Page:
P/O Meyers name in many of the newspaper articles was misspelled and/or his initials incorrect. He was also involved in the case of Nursing Sister Marion Mercedes Westgate. Please see her story for more details. Meyers married in February 1944. After the war, he became a lawyer and volunteered with the Kinsmen Club, rising through its ranks. In 1972, he became secretery for the federal Oil and Gas Commission. He died in 2000 as the result of a car accident in the Victoria, BC area. In the Times Colonist, June 3, 2000, he was praised for his work on the MacKenzie Valley Pipeline. His daughter described her father as a man of integrity and principle who stood by his well-thought-out beliefs.

In the list of personal effects, Rose Goodman had a portable, homemade radio, clothes, toiletries, notebooks, writing cases, stationary, jewellery, including a diamond ring, fraternity signet ring, gold wrist watch and identification bracelets. Mr. Goodman wrote a letter to the Chief of the Air-Staff L. S. Breadner, Feburary 9, 1943: "On behalf of Mrs. Goodman and myself, I wish to thank you for the sympathetic letter of January 28th. The loss is a heavy one and is keenly felt and bears out again that the price of liberty is not money but BLOOD, TEARS and SWEAT."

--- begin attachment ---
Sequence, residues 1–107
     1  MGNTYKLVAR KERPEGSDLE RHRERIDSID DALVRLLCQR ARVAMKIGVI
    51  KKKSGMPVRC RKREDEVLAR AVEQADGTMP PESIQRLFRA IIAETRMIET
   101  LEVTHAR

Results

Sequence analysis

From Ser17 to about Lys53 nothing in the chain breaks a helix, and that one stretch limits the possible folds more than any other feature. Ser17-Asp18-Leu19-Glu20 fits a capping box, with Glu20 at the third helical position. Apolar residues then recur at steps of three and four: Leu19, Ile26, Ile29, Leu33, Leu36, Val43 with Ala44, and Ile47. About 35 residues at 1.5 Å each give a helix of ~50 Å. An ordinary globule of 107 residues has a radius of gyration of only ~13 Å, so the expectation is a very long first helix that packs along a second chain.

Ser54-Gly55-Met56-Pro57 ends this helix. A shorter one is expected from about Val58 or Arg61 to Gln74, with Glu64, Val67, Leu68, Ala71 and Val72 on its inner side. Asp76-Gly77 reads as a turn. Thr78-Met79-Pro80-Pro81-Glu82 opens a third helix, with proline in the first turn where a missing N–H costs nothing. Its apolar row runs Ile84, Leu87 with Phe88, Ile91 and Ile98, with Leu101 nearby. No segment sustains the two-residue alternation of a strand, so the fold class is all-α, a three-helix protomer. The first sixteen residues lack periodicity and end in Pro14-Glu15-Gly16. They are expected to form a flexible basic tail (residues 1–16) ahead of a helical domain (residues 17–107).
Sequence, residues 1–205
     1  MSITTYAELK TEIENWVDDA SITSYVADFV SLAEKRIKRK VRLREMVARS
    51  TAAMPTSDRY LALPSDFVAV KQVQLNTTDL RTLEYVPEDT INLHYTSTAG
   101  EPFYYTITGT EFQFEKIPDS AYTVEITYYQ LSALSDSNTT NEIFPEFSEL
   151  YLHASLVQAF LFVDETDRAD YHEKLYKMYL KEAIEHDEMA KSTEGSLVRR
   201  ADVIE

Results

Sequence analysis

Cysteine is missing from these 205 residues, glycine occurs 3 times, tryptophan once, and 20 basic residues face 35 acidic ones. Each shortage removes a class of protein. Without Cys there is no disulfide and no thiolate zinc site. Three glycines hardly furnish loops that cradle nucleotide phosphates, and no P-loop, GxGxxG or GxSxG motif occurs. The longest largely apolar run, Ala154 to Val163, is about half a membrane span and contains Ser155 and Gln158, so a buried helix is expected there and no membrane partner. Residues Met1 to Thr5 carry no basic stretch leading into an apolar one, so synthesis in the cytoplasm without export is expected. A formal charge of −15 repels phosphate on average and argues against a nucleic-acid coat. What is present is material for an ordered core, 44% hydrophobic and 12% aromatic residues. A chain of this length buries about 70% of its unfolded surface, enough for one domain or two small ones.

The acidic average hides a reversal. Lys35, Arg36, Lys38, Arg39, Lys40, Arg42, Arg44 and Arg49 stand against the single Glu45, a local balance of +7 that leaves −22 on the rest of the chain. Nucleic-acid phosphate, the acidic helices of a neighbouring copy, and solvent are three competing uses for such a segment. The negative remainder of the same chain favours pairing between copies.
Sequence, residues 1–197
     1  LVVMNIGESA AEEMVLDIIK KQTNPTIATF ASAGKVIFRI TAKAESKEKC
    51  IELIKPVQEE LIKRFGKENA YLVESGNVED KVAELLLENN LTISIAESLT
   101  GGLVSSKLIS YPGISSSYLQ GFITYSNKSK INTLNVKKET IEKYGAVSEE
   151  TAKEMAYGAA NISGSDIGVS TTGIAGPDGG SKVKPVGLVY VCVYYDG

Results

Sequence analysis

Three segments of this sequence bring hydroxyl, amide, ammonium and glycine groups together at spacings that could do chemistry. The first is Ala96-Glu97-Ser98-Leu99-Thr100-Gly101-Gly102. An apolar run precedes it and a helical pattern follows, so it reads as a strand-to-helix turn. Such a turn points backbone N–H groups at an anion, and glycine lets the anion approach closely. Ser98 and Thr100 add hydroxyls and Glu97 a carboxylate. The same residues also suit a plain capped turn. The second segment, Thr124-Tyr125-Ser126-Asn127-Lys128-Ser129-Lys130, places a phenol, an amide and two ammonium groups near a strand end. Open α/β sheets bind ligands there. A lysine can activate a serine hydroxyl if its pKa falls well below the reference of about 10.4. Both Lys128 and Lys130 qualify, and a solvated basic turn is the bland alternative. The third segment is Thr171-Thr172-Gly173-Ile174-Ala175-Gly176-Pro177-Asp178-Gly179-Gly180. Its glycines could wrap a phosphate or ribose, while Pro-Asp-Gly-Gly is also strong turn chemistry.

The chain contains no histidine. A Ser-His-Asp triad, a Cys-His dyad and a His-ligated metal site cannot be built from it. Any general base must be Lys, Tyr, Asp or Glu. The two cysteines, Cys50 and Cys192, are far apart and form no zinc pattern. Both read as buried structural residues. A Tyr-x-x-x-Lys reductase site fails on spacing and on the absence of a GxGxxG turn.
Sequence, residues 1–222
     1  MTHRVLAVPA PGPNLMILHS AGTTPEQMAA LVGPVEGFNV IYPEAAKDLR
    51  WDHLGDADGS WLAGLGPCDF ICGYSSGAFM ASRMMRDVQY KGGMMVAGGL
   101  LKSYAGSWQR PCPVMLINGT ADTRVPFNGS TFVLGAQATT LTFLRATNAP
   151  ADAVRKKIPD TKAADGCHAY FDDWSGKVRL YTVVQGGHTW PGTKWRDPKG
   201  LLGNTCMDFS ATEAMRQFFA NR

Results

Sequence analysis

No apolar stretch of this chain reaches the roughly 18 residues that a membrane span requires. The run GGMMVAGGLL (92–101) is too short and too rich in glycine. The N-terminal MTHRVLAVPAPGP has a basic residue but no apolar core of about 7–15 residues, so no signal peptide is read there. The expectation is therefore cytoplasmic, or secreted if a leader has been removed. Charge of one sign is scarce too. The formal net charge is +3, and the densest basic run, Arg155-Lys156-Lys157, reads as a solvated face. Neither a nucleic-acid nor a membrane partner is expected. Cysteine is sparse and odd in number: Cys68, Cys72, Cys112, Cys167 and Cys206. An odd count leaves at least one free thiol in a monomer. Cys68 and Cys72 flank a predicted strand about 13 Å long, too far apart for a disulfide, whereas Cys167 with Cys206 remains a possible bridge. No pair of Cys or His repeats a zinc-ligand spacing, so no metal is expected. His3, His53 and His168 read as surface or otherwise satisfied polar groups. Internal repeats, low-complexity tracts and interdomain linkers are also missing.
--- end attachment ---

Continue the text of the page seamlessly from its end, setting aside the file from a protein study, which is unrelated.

Section Officer Rose Jette Goodman is buried in the Spanish and Portuguese, Jewish Congregation Cemetery, Mount Royal, Outremont, Quebec, the Montreal (SHAAR HASHOMAYIN) Cemetery. Her body was escorted from Calgary to Montreal by F/L Staner, an officer of the Jewish faith from No. 2 Wireless, Calgary.

Section Officer Goodman was the first woman casualty of Dalhousie University and the first woman RCAF WD Officer killed in World War Two. In July 1946, a group of young women in Toronto named their club in Goodman's honour. See article above.